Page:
He was asked if he was a poet interested in religion or a religious person interested in poetry. His reply was that he could not pull the two apart.
When asked if anything had ever dented his faith the stated that in his twenties he had not felt a closeness to God at all times, “but you keep praying, keep saying the liturgy” in the belief that you will know God’s closeness once again.
The rest of the evening was take with questions from the floor. They were as follows;
Q – Would he like to see the Anglican and RC church united.
A – “I would if I could”
Q – Is the new-Atheism a threat?
A – “we are still here”. He also pointed out what many others have also pointed out in that there is nothing particularly new about the new-atheism. He also noted that argument does not change people but an “experience at a different level” does. It would have been interesting to hear him unpack what he meant by this a little.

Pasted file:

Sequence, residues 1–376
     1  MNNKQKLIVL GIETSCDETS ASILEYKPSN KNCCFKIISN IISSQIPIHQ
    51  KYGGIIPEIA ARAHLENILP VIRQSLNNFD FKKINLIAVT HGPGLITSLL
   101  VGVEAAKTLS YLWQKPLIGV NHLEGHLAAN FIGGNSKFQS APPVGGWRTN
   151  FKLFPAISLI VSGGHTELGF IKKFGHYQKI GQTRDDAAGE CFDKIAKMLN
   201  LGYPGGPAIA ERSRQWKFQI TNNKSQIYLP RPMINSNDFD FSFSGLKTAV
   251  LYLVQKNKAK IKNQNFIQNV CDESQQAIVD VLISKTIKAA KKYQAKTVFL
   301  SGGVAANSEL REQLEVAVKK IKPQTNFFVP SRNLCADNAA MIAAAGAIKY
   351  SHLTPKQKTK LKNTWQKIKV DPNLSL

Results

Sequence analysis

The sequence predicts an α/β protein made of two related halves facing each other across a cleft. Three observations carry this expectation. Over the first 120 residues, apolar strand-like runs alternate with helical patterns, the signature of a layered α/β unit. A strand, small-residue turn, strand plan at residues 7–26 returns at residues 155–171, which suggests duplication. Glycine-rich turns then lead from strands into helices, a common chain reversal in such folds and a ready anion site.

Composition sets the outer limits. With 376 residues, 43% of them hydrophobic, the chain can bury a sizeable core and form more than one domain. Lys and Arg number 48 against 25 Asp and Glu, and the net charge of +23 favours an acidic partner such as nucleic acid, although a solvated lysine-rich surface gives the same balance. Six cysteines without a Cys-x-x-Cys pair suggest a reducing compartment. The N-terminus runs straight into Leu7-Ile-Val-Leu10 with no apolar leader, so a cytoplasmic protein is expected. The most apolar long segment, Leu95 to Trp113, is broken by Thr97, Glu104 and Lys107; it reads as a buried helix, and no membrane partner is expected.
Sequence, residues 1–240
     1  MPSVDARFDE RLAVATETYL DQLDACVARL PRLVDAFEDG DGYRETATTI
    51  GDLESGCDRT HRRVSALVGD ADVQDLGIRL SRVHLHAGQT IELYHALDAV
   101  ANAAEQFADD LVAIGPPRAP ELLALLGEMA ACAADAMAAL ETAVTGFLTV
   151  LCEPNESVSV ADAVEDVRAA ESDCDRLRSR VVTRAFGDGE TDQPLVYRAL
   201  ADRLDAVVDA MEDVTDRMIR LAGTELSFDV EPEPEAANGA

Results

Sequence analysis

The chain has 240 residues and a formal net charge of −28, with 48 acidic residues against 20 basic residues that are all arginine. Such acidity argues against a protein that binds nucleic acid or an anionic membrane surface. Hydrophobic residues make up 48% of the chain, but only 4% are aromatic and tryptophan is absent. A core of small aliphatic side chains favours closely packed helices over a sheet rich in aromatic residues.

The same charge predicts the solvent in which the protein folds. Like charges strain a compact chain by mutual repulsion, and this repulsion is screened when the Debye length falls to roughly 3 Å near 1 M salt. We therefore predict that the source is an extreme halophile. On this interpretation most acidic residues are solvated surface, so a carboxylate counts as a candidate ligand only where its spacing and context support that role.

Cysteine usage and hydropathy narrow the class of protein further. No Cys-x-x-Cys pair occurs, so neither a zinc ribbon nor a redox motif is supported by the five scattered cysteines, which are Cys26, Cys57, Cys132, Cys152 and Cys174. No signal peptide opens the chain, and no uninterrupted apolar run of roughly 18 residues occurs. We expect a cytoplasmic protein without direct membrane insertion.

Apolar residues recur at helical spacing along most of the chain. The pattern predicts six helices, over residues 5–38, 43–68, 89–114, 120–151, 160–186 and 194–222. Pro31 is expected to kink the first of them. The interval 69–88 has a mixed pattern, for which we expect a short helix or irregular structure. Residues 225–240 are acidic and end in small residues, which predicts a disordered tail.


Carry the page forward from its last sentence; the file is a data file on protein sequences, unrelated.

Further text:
Q – What about the Problem of evil?
A – There is not definitive answer. Perhaps the greatest evidence for God and his goodness in the face of evil is that despite the evil in the world we still believe in God and his goodness.
Q – Should we talk of hospitality rather than tolerance?
A – Tolerance is a flabby and not welcoming term. It’s me gritting my teeth and putting up with your presence. Hospitality is about being grateful to have you on my territory.
Q – What’s the future for the church in China?
A – Very positive but churches from outside need to stand with the Chinese churches to help and support them.